Saturday, January 17, 2004

Notes on 'gospel vehicles' and rhetoric

Rev. John Payne, executive director of development for San Francisco Theological Seminary, was prompted to share a comment after reading yesterday's blog, "How to bridge into new cultures."

He related a point Rev. Louis M. Evans made to him years ago in Tulsa: "John, the message of the Gospel is constant, never changing. But our understanding of the Gospel changes as we mature in the faith; and the vehicle by which the Gospel is shared with different generations and cultures must change so people can hear in their own language."

Dr. Corey Schlosser-Hall, director of communication for Seattle Presbytery wrote to say, "One of the most influential communication scholars of the 20th century -- Kenneth Burke -- said that 'rhetoric' (meaning communication with the intent to coordinate or move to action, alter belief, change attitudes) is not about 'persuasion' as much as it is about 'identification.' By identification, he meant what you are saying -- building a bridge with an audience so that they can see themselves participating in the identity you are inviting them to adopt. Starbucks invites the French to an American coffee with French pastries -- building a bridge of identification -- making it inviting for folks to try on the coffee by accompanying it with something they already identify with. I often think of words like clothing. When I try it on does it fit? And change happens when the language, image, practice inspires us beyond fit to something greater than ourselves. That nudge, stretch, synapse between fit and something new is the space in which this art you are talking about becomes, well, mysterious -- artful not scientific, Godís room to move."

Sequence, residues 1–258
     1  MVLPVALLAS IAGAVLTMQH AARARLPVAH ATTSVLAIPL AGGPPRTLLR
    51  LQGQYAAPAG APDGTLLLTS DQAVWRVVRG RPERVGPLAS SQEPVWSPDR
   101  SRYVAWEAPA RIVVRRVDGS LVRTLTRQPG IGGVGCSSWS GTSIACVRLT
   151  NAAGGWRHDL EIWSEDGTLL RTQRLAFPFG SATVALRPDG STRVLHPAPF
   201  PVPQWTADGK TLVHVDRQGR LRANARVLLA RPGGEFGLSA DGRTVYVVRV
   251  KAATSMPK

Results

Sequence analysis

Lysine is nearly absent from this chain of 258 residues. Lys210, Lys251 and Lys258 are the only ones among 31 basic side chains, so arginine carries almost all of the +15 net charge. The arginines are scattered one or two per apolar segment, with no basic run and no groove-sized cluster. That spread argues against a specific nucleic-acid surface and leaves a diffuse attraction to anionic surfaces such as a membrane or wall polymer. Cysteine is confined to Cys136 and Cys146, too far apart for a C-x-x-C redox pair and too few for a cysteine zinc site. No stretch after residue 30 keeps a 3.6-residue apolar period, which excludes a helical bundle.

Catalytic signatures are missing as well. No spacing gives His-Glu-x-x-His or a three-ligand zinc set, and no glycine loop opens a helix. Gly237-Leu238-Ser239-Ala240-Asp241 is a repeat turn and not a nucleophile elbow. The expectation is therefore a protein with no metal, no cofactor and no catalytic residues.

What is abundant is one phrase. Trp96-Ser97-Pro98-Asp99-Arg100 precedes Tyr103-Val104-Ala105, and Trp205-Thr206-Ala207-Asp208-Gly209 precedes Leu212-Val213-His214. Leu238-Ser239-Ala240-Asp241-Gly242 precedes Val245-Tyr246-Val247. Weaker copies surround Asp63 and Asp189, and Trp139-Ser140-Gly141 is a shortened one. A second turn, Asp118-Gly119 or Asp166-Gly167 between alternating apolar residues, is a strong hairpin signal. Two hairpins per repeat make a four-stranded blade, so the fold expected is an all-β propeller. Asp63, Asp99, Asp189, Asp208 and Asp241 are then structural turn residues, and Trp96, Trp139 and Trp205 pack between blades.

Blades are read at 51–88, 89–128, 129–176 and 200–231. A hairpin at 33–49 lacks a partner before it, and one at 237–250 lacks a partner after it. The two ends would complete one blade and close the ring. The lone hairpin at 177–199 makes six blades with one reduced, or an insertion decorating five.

I welcome reader responses to my Frontier Blog articles. Just click on the "Email Dave Hackett" link above and write away.

-- Dave Hackett

Friday, January 16, 2004

Lessons on contextualization from unlikely sources...

How to bridge into new cultures